Back on Feb 1, I posted about the Mankato City Council setting up a page to collect public input on the proposal to keep urban chickens submitted by the Mankato Chicken Coalition.
As of this morning, the "yes to chickens" comments are outnumbering by 4-to-1 the "no to chickens" comments in a quick tally of the 56 comments left so far.
In fact, looking at the tool archives, the urban chickens topic is the most trafficked and commented-on topic since the Mankato City Council launched the Your Take tool in Spring of 2007.
So it's quite distressing to hear that the Mankato City Council decided last night to deny the Mankato Chicken Coalition a public hearing. Period. According to my source, the council cited "the economy, budget concerns and the lack of importance of the issue as their main reasons."
If anything, I'd think the economy and budget concerns would be one of the very reasons to consider allowing urban chickens in the city as more people grow their own food.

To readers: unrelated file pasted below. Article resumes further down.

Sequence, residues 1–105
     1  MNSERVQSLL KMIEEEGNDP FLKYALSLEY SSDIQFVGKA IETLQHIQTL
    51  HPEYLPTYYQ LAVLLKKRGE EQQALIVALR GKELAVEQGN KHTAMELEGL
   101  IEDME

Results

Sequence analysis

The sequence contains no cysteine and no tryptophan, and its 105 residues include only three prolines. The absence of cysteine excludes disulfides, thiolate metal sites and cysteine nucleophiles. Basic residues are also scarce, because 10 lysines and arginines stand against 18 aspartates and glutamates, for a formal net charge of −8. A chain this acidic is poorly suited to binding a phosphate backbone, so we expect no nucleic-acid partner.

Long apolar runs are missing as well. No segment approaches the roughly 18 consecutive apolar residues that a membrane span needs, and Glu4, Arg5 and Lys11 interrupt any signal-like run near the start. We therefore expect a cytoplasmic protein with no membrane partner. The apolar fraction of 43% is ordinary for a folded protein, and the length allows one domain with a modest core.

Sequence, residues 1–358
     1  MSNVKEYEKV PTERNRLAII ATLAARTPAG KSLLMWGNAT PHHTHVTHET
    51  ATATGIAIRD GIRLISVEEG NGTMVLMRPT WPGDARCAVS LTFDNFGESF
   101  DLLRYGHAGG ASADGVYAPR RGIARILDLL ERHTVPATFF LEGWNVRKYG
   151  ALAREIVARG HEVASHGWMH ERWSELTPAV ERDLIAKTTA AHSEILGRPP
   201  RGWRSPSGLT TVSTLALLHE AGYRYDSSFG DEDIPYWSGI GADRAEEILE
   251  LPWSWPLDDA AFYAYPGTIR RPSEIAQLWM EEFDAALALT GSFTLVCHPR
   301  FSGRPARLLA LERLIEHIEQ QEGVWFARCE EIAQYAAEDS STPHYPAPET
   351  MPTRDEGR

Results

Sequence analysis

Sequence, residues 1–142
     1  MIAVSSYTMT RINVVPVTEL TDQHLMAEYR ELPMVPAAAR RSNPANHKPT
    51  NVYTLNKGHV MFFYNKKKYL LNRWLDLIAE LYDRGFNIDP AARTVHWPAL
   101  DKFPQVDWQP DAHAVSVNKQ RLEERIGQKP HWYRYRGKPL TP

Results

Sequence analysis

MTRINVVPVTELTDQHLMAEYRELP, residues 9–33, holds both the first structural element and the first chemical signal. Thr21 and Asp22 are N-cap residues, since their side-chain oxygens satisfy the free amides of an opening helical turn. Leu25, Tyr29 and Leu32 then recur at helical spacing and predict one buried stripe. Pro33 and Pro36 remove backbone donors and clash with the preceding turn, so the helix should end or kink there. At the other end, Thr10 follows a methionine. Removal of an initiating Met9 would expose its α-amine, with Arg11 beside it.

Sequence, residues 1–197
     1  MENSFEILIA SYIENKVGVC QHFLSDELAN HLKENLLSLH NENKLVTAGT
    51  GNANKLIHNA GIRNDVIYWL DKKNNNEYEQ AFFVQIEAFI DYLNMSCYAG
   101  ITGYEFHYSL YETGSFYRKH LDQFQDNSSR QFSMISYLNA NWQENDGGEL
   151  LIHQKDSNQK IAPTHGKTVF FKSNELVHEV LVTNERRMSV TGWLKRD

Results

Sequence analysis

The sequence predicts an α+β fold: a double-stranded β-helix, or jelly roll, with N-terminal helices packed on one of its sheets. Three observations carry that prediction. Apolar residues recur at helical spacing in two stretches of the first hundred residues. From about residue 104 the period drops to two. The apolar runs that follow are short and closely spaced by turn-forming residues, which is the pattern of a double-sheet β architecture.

The urban chickens topic is the most commented-on topic by a wide margin, yet the Mankato City Council is ignoring the issue.
Something doesn't smell right here, and it's not chicken poop.
Interesting to note: those against chickens in Mankato tend to leave their initials only to show their authorship and the views are the stereotypical arguments against chickens: "they're not pets" and "they'll attract vermin" and "I once lived next to a chicken farm and boy did it stink!"
I'm hoping smarter heads prevail in Mankato and the Council realizes this issue doesn't have to be a big one. Accept the Coalition's proposal on a one-year trial basis and move on. Revisit in a year to see if any of the hysterical fears have come true.
I'm betting Mankato will find out what so many other urban chicken-friendly towns have found: keeping chickens is no different than keeping cats or dogs or any other pets.
UPDATE: here's the story in the Mankato Free Press: City council kills urban chicken notion. "Council President Mike Laven voted also against holding the public hearing, but said it was because the ordinance under discussion would require neighbors’ consent. Laven said dog owners don’t have to meet this burden, and that he may have supported a proposal without that component."
So, how about stripping that component out?